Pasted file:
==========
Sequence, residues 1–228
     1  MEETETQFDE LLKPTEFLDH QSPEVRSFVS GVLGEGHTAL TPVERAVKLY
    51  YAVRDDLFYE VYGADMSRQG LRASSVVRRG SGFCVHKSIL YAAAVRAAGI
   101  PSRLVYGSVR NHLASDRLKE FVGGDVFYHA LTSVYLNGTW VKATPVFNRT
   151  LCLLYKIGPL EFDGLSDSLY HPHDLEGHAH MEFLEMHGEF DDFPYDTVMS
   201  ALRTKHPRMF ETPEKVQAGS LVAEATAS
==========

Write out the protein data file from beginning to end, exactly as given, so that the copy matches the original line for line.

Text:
Sequence, residues 1–228
     1  MEETETQFDE LLKPTEFLDH QSPEVRSFVS GVLGEGHTAL TPVERAVKLY
    51  YAVRDDLFYE VYGADMSRQG LRASSVVRRG SGFCVHKSIL YAAAVRAAGI
   101  PSRLVYGSVR NHLASDRLKE FVGGDVFYHA LTSVYLNGTW VKATPVFNRT
   151  LCLLYKIGPL EFDGLSDSLY HPHDLEGHAH MEFLEMHGEF DDFPYDTVMS
   201  ALRTKHPRMF ETPEKVQAGS LVAEATAS